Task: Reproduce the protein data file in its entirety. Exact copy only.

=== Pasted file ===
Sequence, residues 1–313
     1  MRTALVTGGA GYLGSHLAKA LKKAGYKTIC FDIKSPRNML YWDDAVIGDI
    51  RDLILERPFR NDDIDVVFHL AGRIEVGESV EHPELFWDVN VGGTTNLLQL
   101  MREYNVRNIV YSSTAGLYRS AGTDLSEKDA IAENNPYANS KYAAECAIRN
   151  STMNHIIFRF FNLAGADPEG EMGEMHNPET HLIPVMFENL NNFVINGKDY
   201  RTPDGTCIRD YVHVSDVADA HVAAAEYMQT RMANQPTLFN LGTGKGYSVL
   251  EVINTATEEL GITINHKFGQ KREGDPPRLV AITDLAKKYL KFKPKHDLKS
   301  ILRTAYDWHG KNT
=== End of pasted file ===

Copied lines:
Sequence, residues 1–313
     1  MRTALVTGGA GYLGSHLAKA LKKAGYKTIC FDIKSPRNML YWDDAVIGDI
    51  RDLILERPFR NDDIDVVFHL AGRIEVGESV EHPELFWDVN VGGTTNLLQL
   101  MREYNVRNIV YSSTAGLYRS AGTDLSEKDA IAENNPYANS KYAAECAIRN
   151  STMNHIIFRF FNLAGADPEG EMGEMHNPET HLIPVMFENL NNFVINGKDY
   201  RTPDGTCIRD YVHVSDVADA HVAAAEYMQT RMANQPTLFN LGTGKGYSVL
   251  EVINTATEEL GITINHKFGQ KREGDPPRLV AITDLAKKYL KFKPKHDLKS
   301  ILRTAYDWHG KNT